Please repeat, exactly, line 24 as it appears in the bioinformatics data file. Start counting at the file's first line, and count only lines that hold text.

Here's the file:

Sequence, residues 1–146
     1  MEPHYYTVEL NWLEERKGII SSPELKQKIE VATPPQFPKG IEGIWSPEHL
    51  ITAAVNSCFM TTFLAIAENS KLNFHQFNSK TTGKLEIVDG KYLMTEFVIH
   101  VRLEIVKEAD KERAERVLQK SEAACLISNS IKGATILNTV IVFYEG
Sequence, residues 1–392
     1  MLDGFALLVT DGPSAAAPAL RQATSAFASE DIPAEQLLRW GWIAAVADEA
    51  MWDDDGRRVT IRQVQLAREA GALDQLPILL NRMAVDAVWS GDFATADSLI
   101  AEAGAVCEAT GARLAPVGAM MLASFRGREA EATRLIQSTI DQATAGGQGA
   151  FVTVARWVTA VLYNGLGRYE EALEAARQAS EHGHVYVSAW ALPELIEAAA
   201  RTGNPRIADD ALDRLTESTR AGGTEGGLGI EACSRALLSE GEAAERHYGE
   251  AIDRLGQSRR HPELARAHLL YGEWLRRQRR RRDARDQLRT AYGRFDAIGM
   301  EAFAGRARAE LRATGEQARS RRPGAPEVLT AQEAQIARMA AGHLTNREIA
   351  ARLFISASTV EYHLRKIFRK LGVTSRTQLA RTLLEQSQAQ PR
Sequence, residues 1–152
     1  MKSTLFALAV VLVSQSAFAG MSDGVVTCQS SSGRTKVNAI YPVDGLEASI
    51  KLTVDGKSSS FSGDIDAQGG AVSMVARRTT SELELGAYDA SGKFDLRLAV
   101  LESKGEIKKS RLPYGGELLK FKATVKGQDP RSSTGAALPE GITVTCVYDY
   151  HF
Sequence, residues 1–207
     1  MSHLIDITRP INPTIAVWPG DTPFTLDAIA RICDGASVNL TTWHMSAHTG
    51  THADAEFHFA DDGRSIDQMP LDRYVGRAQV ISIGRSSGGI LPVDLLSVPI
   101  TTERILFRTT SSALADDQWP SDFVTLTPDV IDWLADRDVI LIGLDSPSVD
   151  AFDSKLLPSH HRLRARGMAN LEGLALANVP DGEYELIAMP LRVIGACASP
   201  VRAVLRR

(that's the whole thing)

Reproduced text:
   201  VRAVLRR